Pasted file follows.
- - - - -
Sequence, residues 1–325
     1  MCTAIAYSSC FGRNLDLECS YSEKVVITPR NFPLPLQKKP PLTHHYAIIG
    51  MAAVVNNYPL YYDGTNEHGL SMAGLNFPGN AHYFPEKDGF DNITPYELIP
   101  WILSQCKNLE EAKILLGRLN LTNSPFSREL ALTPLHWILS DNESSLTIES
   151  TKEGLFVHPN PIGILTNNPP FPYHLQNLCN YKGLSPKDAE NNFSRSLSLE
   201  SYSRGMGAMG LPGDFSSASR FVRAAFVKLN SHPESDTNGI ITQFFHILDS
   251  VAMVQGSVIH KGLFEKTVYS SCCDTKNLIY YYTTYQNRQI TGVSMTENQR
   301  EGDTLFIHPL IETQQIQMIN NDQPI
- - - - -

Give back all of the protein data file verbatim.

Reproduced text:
Sequence, residues 1–325
     1  MCTAIAYSSC FGRNLDLECS YSEKVVITPR NFPLPLQKKP PLTHHYAIIG
    51  MAAVVNNYPL YYDGTNEHGL SMAGLNFPGN AHYFPEKDGF DNITPYELIP
   101  WILSQCKNLE EAKILLGRLN LTNSPFSREL ALTPLHWILS DNESSLTIES
   151  TKEGLFVHPN PIGILTNNPP FPYHLQNLCN YKGLSPKDAE NNFSRSLSLE
   201  SYSRGMGAMG LPGDFSSASR FVRAAFVKLN SHPESDTNGI ITQFFHILDS
   251  VAMVQGSVIH KGLFEKTVYS SCCDTKNLIY YYTTYQNRQI TGVSMTENQR
   301  EGDTLFIHPL IETQQIQMIN NDQPI